The U.S. Agency for International Development (“USAID”) finalized new Freedom of Information Act (“FOIA”) regulations today, accepting two revisions proposed by Cause of Action Institute (“CoA Institute”) in a comment submitted in October 2016.
CoA Institute had made two recommendations in response to USAID’s proposed rulemaking. First, we urged the agency to remove outdated “organized and operated” language from its definition of a “representative of the news media.” Such language was used in the past to deny fee waivers to organizations like CoA Institute that investigate potential agency wrongdoing. For example, we had to take the Federal Trade Commission all the way to the D.C. Circuit to get the agency to acknowledge that the agency’s FOIA fee regulations were outdated and that it was improperly denying us a fee reduction.
In deciding the case, the D.C. Circuit issued a landmark decision clarifying proper fee category definitions and the application of fees in FOIA cases. CoA Institute cited this case to USAID in its comment and the agency took heed of the current case law, removing the outdated language from its regulations.
CoA Institute also recommended revising the procedures for conducting consultations. Consultation takes place whenever USAID locates records that might have originated with or implicate the equities of another government entity. The process is supposed to ensure that exempt material is properly redacted from records prior to disclosure. We were concerned that USAID had failed to set parameters for determining when consultation were appropriate. We also asked USAID to adopt a requirement to notify requesters whenever their requests are subject to consultation and to tell requesters which agency is being consulted.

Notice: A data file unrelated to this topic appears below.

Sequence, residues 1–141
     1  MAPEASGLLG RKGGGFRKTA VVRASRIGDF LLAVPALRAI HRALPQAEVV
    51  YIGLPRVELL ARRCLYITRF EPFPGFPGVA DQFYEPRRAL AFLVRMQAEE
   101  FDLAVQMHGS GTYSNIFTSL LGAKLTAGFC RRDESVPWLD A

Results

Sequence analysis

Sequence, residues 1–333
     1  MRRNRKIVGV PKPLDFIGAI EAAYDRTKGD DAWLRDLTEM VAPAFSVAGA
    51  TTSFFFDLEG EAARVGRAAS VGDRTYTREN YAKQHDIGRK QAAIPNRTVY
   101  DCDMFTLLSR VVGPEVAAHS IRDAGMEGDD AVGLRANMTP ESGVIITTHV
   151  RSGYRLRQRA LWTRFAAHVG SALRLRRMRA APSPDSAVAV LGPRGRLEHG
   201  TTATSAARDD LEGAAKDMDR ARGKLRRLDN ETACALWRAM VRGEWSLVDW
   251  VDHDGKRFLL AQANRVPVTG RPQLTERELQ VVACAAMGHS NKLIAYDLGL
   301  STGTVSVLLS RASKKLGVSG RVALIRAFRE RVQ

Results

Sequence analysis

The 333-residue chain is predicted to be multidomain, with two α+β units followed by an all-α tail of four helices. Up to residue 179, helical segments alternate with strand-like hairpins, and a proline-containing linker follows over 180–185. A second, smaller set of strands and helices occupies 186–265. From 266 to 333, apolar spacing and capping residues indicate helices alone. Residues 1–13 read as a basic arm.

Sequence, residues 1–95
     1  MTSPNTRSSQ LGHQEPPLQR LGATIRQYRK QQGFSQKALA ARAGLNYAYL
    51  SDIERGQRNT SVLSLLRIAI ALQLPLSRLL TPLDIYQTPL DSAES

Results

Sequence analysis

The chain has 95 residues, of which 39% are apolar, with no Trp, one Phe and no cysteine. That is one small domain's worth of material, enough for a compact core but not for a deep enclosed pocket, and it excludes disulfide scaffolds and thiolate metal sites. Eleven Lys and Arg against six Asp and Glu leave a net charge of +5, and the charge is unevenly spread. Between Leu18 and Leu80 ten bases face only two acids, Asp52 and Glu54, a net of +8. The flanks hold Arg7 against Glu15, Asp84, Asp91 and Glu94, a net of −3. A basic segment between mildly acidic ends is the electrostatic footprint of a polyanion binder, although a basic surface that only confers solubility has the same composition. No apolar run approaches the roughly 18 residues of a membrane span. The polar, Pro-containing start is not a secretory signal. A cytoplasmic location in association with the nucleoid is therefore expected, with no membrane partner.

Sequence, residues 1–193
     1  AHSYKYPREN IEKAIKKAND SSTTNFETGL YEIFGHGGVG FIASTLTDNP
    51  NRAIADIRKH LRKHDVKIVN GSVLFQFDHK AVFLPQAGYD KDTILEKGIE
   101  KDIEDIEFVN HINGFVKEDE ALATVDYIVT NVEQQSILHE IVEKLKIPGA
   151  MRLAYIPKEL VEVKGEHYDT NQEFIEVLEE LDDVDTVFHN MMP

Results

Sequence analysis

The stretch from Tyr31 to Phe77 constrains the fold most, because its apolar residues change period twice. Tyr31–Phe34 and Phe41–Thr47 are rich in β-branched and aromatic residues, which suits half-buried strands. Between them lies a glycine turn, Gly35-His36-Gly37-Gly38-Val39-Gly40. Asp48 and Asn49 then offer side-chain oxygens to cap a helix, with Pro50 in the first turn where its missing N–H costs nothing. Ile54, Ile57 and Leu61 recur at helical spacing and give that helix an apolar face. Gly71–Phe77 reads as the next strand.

USAID responded favorably to these recommendations. It adopted our proposed limitation of consultation to instances where another agency or component has a “substantial interest” in responsive records. Further, the agency accepted our proposed notification requirement. The agency failed, however, to adopt our definition of “substantial interest.” This failure leaves room for future improvement in USAID’s FOIA regulations, as it is unclear how USAID will interpret this term.
CoA Institute’s successful comment is just another small step in our efforts to provide effective and transparent oversight of the administrative state.